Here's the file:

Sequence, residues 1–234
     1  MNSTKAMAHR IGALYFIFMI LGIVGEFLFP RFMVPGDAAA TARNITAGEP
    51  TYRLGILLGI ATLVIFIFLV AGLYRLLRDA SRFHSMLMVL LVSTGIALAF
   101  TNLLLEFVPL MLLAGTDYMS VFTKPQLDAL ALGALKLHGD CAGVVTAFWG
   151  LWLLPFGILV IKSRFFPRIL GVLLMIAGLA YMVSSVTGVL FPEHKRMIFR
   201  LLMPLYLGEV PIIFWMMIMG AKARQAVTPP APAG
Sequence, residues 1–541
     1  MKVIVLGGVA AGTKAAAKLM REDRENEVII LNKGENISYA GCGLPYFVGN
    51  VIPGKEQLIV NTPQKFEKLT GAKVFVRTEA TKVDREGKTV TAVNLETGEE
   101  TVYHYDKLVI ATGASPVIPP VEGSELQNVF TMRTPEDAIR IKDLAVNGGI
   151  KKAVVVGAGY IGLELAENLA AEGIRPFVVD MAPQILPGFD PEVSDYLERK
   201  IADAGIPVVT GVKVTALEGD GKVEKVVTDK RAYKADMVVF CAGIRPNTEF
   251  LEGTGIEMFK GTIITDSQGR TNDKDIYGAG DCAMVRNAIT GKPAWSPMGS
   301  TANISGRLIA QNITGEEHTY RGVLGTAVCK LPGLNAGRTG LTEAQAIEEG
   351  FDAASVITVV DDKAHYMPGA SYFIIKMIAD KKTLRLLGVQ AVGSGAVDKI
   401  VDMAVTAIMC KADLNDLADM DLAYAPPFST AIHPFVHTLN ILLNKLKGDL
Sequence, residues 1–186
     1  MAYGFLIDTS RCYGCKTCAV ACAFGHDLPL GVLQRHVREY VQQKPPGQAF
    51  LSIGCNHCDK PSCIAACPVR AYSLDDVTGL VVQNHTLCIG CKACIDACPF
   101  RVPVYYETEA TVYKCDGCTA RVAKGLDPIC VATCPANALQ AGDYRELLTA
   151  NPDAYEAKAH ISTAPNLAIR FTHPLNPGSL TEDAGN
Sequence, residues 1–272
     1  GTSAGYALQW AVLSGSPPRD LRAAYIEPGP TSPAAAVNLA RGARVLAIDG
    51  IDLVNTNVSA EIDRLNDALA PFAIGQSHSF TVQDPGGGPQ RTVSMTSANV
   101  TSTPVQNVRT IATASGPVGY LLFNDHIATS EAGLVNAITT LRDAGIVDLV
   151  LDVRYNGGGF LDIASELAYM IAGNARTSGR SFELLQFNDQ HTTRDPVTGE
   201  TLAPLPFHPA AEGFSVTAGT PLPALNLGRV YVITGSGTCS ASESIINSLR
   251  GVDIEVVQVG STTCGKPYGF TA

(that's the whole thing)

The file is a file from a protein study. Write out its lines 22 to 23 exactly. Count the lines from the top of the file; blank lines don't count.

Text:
Sequence, residues 1–272
     1  GTSAGYALQW AVLSGSPPRD LRAAYIEPGP TSPAAAVNLA RGARVLAIDG